Google has announced that several new features have been added to the Blogger Dashboard to make it easier to post blog entries from mobile devices.
At least for users in the US, the mobile service supports SMS, MMS and email posting from a registered mobile phone. It’s also possible to set up a new blog from the phone.
Of course, some advanced mobile phones (such as the iPhone) make it easy enough to add to Blogger using the standard web interface, but it’s useful to have alternative ways of getting content onto a blog while on the move, and even on smartphones, sending a text or email can be quicker and less fiddly than using the built-in web browser.
AdWords has been available for mobile devices for quite some time, but now you can target iPhone and G1 users specifically with your ads.
To target ads for G1 and iPhone, go to your campaign settings tab in your AdWords account. Then for the “Device Platform” option under “Networks and Bidding,” select “iPhones and other mobile devices with full internet browsers.” As additional devices that use full browsers enter the market, your ads will show on those phones, too.
More at the Google Mobile blog. This should be good for both publishers and advertisers, since it could give better results which in turn will mean more money for everyone involved. Especially Google…
The Android powered T-Mobile G1 is getting Opera Mini 4.2 beta, says ZDNet’s Matthew Miller, which is good news since Opera offers nice synchronization options. This is something of a rebuke to Apple who stopped Opera Mini for iPhone since it competes with the built-in Safari browser. Or not, since Apple wants to control the iPhone with the Iron Fist of Jobs.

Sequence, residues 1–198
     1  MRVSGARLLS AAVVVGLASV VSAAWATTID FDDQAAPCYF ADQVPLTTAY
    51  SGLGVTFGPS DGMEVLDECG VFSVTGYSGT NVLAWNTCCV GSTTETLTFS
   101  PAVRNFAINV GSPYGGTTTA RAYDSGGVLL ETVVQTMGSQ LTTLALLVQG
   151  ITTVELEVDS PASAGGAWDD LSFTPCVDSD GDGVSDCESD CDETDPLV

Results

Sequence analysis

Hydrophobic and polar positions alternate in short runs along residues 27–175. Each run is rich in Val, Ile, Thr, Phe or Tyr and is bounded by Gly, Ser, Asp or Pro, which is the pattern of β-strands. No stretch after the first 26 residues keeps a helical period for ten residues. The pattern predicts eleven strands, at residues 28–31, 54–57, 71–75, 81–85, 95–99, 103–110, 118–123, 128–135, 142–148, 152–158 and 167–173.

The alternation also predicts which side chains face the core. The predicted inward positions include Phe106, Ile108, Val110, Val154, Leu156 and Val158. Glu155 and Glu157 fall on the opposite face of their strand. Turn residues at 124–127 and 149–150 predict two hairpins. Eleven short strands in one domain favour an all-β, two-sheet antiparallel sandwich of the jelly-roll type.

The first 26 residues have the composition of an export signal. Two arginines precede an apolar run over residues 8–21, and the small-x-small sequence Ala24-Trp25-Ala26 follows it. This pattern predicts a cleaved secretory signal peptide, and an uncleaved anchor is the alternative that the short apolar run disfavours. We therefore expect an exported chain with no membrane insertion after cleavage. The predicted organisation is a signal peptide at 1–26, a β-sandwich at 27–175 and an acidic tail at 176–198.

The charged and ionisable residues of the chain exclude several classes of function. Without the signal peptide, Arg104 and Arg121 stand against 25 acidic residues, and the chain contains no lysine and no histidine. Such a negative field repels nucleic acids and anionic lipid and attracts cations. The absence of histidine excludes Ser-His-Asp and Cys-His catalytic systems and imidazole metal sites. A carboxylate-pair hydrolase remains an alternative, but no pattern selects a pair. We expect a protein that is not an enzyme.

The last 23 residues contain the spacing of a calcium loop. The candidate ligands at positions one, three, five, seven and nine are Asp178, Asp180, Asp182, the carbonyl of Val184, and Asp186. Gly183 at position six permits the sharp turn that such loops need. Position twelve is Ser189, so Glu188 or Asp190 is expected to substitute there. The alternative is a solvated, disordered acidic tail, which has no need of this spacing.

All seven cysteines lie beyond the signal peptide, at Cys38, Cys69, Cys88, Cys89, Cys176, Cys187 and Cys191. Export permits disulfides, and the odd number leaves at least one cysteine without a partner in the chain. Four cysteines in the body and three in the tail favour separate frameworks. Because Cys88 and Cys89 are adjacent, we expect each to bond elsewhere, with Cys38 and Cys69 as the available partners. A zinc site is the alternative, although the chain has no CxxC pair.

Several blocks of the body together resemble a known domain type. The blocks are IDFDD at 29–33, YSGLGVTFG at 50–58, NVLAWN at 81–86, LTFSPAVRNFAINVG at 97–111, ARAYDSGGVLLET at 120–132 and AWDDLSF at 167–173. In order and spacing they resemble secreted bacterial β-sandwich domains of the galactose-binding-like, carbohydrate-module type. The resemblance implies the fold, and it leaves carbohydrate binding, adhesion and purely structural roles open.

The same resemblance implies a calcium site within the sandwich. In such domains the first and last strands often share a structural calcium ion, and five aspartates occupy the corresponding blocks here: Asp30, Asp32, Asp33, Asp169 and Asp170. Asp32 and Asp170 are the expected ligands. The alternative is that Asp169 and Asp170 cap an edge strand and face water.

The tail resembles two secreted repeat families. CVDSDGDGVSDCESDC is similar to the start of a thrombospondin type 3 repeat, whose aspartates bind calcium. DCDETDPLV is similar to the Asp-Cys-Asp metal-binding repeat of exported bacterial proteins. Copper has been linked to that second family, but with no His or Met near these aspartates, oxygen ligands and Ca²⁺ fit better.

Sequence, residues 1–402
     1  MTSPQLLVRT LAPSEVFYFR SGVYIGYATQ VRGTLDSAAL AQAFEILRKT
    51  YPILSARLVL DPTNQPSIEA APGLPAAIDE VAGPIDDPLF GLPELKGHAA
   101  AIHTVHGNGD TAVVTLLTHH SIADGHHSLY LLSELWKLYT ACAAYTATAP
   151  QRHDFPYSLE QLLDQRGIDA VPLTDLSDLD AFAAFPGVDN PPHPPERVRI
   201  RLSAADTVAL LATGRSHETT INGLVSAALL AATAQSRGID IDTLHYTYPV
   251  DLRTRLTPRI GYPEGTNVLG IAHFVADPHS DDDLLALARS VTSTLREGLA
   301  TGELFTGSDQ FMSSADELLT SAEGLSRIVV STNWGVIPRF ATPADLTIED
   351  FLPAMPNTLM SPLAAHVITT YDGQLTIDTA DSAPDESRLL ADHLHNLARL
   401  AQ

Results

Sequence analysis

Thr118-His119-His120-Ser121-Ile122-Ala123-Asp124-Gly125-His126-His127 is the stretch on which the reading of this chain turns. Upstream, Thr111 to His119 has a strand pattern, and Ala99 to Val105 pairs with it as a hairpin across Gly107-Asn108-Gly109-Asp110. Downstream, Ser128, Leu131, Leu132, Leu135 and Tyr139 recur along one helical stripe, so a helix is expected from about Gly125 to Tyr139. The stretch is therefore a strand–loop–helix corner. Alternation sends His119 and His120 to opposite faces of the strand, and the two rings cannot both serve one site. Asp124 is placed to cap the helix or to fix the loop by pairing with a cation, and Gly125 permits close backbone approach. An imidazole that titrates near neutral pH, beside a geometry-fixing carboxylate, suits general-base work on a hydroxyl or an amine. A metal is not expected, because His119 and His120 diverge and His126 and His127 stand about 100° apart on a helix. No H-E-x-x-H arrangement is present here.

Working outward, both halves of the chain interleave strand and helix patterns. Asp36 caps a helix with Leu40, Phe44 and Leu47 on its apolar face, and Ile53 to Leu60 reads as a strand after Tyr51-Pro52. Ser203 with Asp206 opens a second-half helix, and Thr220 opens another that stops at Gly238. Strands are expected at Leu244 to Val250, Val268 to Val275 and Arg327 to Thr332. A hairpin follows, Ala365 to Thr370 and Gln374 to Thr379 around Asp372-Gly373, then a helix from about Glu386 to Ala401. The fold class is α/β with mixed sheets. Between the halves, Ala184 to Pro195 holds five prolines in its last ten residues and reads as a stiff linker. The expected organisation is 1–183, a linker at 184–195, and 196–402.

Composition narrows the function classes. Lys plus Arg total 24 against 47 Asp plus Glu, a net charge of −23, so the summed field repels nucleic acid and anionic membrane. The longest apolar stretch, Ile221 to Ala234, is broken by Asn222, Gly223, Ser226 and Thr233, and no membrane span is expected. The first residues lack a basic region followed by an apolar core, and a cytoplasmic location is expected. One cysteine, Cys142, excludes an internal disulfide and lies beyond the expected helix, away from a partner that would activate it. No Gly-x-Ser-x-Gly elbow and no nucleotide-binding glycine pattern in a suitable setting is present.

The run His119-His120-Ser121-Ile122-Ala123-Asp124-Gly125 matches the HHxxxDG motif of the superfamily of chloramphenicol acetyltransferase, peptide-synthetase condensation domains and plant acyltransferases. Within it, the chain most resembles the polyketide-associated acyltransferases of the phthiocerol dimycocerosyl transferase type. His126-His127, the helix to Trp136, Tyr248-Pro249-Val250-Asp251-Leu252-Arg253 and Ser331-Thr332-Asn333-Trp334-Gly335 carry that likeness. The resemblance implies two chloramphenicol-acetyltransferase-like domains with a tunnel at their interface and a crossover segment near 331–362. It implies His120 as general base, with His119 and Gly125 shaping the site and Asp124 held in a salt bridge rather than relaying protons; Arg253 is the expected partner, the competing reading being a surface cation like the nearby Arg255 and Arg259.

In an effort to spread the celebrity news/filth/funniness even further, Perez Hilton is launching a mobile site. You can visit it in your browser if you’re curious. Basically, it’s a trimmed down version of the regular Perez Hilton blog, and obviously something the readers have been craving according to Hilton in a press release. He’s partnered up with Crisp Wireless, who are thrilled by the prospect:
“We are extremely excited to team up with Perez Hilton as he extends his global status into the mobile web, said Boris Fridman, Chief Executive Officer, Crisp Wireless, which hosts the mobile site and provides the ad serving platform to BlogAds. Perez realizes that mobile phones, Blackberries and iPhones are practically the lifeblood of the celebrity world and everyone that follows it. Without them, they feel totally disconnected. By tapping Crisp Wireless and BlogAds, Perez’s insights and information will be readily available by mobile. His mobile web presence should equal or surpass the success of his online site.
MoFuse, the service that makes your site mobile friendly, announced an interesting array of news via e-mail today:
Improved recommendation engine
WordPress comments integration
YouTube video transcoded to mobile-friendly format
The first one on the list isn’t something I personally care about, MoFuse got this recommended reading links at the end of mobile pages, if you enable it, so that readers will find more content in the mobile web. However, the integration of WordPress comments, and automatic transcoding of embedded YouTube videos are interesting news.
Mofuse, a web service dedicated to creating mobile versions of blogs (including one for the iPhone), is discontinuing their pro accounts and is instead giving away all of their premium features to new (and “freebie” users) without charging them a dime. read more
I earlier wrote how ultraportable notebook computers can be a blogger’s best friend. I’ve been carrying my Asus Eee in my bag most anywhere I go, and I use it to do some work while waiting for the kids to finish their preschool classes, or when the wife goes grocery shopping. An ultraportable plus a public hotspot (or 3G connection via my mobile phone + Bluetooth) can do wonders.